World Jewish Congress joins forces with YouTube to flag anti-Semitic and offensive content

NEW YORK - The World Jewish Congress is proud to join YouTube’s Trusted Flagger Program, designed by the preeminent video platform to effectively monitor user-generated content for offensive material and to help create a safer and more tolerant digital space.

The WJC and other partners will help the internet company sort through the millions of videos uploaded every day to actively report hate speech videos and ensure that YouTube is aware of every element promoting anti-Semitism, hate, Holocaust denial and other intolerant content on its platform.  

“The World Jewish Congress strongly welcomes YouTube’s initiative for a comprehensive team of partners working together to flag offensive content, and is pleased to join this critical effort to benefit our communities and all platform users,” said WJC CEO and Executive Vice President Robert Singer. “Anti-Semitism and hate speech are running rampant across social media platforms, and it is our duty as conscientious and moral consumers to work together to make these digital platforms a safer space for all."

The World Jewish Congress found in a comprehensive study last year conducted by the Israeli monitoring firm Vigo Social Intelligence that 382,000 anti-Semitic posts were posted to social media platforms over the course of 2016 – an average of more than 43.6 posts per hour, or one post every 83 seconds.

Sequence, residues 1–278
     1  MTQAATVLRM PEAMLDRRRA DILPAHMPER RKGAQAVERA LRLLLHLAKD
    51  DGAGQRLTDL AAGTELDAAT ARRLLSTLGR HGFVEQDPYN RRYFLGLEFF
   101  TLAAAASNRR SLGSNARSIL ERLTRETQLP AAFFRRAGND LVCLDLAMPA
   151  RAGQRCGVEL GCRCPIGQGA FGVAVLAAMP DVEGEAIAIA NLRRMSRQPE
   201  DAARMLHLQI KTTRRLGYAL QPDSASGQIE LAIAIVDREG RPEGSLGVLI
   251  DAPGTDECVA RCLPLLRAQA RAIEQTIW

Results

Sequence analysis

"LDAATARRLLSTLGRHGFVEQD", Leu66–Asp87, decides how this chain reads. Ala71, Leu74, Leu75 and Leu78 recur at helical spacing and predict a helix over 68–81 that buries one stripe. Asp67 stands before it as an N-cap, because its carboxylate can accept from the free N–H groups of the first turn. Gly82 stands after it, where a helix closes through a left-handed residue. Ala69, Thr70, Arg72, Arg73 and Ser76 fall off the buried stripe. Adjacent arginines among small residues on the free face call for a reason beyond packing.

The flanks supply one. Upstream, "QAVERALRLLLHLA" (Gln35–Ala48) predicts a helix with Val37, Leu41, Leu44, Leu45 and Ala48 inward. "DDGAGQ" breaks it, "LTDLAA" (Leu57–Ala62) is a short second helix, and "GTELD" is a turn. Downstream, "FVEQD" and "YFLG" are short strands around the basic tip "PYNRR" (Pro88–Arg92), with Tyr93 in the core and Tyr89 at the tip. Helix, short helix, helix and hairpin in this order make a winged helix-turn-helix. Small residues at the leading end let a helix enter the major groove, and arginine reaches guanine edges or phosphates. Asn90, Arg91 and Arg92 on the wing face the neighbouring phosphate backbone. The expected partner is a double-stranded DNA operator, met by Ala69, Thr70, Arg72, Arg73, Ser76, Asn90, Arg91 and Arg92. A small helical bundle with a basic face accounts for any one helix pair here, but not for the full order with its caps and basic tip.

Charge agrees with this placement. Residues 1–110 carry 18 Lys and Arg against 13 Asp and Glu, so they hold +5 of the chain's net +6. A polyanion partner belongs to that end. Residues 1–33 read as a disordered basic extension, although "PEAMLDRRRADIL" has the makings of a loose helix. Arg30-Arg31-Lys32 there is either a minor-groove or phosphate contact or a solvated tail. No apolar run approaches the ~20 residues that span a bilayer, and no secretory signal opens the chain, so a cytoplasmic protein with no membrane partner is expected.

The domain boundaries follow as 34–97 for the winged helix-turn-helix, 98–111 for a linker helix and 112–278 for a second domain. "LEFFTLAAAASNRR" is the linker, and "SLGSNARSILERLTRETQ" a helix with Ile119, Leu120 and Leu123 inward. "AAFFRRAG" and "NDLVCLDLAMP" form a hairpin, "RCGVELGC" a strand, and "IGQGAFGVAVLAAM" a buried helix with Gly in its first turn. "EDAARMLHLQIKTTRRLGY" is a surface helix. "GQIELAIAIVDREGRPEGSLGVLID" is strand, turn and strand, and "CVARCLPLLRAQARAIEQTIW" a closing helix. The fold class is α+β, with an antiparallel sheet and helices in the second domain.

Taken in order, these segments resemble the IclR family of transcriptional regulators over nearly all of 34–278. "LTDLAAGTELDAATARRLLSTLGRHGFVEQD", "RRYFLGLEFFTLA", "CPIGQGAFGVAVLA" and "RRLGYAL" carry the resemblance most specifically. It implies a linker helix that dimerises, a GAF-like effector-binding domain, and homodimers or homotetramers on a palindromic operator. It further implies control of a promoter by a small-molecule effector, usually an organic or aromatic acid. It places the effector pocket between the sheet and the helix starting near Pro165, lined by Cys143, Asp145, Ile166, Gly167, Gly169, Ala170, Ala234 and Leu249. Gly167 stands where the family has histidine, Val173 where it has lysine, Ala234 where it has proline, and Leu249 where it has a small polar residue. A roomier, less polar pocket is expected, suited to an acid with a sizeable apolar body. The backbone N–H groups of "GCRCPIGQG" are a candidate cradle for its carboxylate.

The WJC has actively engaged with social media platforms, including Twitter, Facebook, and Google to cooperate on methods of combating this phenomenon.

Earlier this year, the WJC also launched a campaign to expose and remove Arabic-language anti-Semitic content on social media platforms, beginning with YouTube.

The WJC compiled a precise list of the most prevalent materials that appeared on YouTube using the search term “Holocaust” in Arabic, finding pages of Nazi glorification, Holocaust denial, and blatantly anti-Semitic content.  

The WJC brought the matter to the attention of YouTube’s director of public policy, and expressed its concerns. Within a few days, YouTube informed the WJC that every piece of anti-Semitic content it had flagged had been removed. 

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